Perhaps a prisoner of the "more extreme followers" within Ulster unionism who were "apparently afraid that a big entire Ulster would gravitate towards a United Ireland", Carson still was the unionist who pushed for a six-county solution more than anyone.
Much of Carson’s bellicose rhetoric may have been ‘play acting’ to him but his words often led to more deadly consequences. His confrontational language and his threat of the use of force by Ulster unionism to oppose Home Rule brought Ireland to the very brink of civil war.
After the First World War, his speeches still inflamed tensions and offered little in the way of compromise to try and bring the two main communities together. He, of course, cannot be solely blamed for such division. Post-First World War Ireland was no place for nuance.
His 1920 Twelfth of July speech to 25,000 Orangemen at a field in Finaghy stands out as being particularly incendiary, where in talking about the "invasion of Sinn Féin" to Ulster, Carson stated, "We must proclaim today clearly that come what will and be the consequences what they may, we in Ulster will tolerate no Sinn Féin – no Sinn Féin organisation, no Sinn Féin methods… And these are not mere words. I hate words without action".
Days later the sectarian violence which defined the birth of Northern Ireland started in Belfast, lasting for two years, with the loss of just under 500 lives in the city. Carson’s thinly veiled threat to use arms has to be considered a contributory factor to the outbreak of that violence. The London Times blamed Carson for "having sown the dragon’s teeth in Ireland".
With the introduction of the Government of Ireland Bill which offered a devolved parliament for the new entity of Northern Ireland, Carson complained bitterly to the British government that, where Ulster unionists "wanted to stay with you, and where you had no cause of complaint against them, you still want to kick them out as if they were of no use, to please somebody else".
He still conceded an Ulster parliament had attractions, "Once it is granted…[it] cannot be interfered with. You cannot knock Parliaments up and down as you do a ball, and once you have planted them there, you cannot get rid of them’. He did not oppose the passage of the bill through the Houses of Commons and Lords which paved the way for the partition of Ireland.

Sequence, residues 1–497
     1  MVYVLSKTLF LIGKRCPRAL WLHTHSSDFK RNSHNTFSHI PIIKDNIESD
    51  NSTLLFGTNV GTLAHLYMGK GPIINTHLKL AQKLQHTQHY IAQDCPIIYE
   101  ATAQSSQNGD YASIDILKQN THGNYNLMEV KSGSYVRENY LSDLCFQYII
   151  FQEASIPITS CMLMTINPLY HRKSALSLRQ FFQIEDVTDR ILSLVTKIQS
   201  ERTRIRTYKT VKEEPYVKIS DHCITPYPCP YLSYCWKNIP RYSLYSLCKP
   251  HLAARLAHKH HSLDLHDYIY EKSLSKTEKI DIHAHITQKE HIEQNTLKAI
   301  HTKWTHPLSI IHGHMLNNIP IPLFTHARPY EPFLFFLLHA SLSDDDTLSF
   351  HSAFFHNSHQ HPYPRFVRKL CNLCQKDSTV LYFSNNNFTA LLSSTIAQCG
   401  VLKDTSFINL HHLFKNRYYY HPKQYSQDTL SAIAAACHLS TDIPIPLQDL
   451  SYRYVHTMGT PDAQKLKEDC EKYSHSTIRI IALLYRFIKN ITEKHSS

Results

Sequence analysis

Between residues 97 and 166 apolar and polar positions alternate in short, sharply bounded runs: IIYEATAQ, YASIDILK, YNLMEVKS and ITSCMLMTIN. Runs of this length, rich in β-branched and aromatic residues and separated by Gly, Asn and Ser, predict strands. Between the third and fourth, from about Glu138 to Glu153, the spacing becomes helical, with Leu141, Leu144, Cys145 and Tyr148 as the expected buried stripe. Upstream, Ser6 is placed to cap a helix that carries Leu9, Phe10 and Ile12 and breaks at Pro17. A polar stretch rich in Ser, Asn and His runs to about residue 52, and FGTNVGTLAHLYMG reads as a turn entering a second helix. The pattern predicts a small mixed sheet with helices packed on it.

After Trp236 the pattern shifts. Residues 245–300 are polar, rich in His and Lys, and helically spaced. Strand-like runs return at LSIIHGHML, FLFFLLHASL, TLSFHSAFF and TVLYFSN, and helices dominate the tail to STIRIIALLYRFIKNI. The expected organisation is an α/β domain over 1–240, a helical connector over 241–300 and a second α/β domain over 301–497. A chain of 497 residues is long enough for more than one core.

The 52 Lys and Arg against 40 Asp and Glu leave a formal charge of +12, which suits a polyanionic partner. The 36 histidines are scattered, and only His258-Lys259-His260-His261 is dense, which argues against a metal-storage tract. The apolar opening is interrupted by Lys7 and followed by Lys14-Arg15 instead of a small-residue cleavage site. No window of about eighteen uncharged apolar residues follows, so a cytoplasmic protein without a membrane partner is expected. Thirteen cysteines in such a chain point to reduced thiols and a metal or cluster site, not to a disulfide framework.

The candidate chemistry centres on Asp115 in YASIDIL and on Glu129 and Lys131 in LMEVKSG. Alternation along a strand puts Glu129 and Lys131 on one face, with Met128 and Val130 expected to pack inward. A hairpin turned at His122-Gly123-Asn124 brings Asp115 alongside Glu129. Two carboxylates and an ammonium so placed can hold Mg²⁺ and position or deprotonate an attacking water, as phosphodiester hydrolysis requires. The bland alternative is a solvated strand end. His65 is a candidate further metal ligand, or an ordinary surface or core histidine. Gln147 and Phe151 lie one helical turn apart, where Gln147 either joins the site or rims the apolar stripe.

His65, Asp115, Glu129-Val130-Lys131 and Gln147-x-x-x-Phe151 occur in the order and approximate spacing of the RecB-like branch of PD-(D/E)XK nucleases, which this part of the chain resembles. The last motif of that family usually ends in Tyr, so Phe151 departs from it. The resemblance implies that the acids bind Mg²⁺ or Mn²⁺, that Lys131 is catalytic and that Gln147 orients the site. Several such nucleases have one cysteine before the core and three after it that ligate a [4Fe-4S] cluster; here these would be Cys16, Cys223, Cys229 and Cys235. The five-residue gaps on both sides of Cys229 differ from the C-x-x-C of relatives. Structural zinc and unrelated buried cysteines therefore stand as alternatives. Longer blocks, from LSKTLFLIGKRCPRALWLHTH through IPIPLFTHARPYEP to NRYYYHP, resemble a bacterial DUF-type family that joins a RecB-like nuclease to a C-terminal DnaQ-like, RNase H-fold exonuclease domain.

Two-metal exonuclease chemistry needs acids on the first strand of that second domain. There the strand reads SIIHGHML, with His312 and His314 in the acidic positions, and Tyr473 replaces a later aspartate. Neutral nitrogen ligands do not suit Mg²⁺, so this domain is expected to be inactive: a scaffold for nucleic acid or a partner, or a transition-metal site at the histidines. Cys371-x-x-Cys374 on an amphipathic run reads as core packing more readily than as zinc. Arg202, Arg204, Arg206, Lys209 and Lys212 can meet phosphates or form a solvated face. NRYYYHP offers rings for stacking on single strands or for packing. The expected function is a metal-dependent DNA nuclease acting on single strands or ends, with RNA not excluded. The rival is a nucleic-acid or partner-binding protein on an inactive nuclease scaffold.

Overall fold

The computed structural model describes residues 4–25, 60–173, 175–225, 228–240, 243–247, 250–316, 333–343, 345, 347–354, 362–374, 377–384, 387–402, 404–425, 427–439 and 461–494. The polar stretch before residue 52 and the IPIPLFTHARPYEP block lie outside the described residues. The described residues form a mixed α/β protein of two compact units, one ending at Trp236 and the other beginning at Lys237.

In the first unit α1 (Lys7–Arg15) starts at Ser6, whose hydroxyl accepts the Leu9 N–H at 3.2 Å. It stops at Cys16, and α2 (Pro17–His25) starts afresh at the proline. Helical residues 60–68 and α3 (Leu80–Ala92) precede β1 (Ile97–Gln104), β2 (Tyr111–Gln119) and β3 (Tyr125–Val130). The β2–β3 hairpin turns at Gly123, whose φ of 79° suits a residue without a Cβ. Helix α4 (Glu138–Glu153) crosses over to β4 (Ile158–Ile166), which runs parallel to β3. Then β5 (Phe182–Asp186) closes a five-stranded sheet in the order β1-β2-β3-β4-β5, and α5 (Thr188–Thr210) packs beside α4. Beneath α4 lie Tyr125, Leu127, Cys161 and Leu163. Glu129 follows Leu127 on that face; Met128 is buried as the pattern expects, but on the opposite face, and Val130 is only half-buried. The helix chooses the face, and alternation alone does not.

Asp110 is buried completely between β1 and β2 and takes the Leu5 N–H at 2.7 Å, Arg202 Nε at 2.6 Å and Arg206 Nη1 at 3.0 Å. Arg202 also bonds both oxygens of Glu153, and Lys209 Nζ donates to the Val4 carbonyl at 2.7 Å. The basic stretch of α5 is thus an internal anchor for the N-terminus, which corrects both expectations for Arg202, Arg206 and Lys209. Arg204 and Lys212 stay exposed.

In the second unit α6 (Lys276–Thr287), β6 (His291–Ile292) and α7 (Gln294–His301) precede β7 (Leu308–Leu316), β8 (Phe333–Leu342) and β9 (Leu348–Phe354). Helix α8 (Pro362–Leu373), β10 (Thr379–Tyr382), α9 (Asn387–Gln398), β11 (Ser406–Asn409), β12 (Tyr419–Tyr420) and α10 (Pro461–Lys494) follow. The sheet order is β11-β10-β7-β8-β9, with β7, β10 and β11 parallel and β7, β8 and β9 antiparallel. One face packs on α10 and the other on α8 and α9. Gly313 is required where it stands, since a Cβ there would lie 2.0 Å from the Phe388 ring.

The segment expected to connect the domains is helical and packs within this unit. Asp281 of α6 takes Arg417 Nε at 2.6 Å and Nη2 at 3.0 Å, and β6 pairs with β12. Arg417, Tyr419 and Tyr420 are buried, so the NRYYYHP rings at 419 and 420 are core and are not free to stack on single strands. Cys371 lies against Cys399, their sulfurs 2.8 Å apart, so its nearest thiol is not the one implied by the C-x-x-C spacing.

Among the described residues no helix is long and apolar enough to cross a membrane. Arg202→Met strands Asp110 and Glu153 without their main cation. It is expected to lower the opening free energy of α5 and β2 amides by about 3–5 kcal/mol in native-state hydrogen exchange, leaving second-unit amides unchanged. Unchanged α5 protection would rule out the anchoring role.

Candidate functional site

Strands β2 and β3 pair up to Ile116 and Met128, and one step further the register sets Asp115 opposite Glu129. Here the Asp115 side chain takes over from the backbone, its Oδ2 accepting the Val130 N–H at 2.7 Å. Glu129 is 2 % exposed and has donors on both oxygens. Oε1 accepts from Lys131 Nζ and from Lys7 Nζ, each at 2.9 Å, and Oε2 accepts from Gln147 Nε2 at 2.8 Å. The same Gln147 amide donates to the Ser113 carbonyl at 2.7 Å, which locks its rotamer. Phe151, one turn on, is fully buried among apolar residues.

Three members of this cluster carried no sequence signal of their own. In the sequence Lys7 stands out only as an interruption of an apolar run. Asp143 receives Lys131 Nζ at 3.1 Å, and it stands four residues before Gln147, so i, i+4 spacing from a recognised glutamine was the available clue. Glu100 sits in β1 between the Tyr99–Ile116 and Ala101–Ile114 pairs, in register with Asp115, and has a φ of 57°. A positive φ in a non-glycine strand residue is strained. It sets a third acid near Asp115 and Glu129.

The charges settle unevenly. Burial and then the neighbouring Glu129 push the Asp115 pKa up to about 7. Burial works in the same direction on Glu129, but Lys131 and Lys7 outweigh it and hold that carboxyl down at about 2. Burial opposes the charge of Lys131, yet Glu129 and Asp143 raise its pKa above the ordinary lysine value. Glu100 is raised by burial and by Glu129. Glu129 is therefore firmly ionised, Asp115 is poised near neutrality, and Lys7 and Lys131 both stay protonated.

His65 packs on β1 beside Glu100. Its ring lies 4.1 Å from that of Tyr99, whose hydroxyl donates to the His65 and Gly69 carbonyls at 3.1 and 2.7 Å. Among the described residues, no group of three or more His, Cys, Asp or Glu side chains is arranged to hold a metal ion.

Much has been made of Carson’s decision to stand down as Ulster Unionist leader in February 1921 resulting in him not becoming the first prime minster of Northern Ireland, and of his absence at the state opening of the northern parliament by King George V in June 1921, with his wife representing him there instead, as signs of his opposition to partition.
However, in resigning as leader he claimed the only reason he was doing so was because of his age and energy and that he would not be able to "work from morning till night, all day and every day" which was required of the new prime minster. Carson stood down as leader only when a northern parliament was secured.
In later years Carson confided to his friend FS Oliver that "[I] feel I am a citizen without nationality or anything to be loyal to". He still asked Northern Ireland Prime Minsiter Sir James Craig that he would like to be laid to rest in Ulster. When he died in 1935 he was given a state funeral and buried in St Anne’s Cathedral in Belfast. As his coffin was lowered into the tomb, soil from each of the six counties was scattered on it. It is clear that Carson desired for all of Ireland to remain within the union, but when this was no longer a realistic option he committed himself wholeheartedly to the exclusion of the north-east from Home Rule.
By cutting through his bombastic rhetoric and his many contradictory and ambiguous remarks, and by looking at his actions as the leader of Ulster unionism when Ireland was divided, Sir Edward Carson has to be considered as the architect of the partition of Ireland.
Cormac Moore is author of Birth of the Border: The Impact of Partition in Ireland (Merrion Press).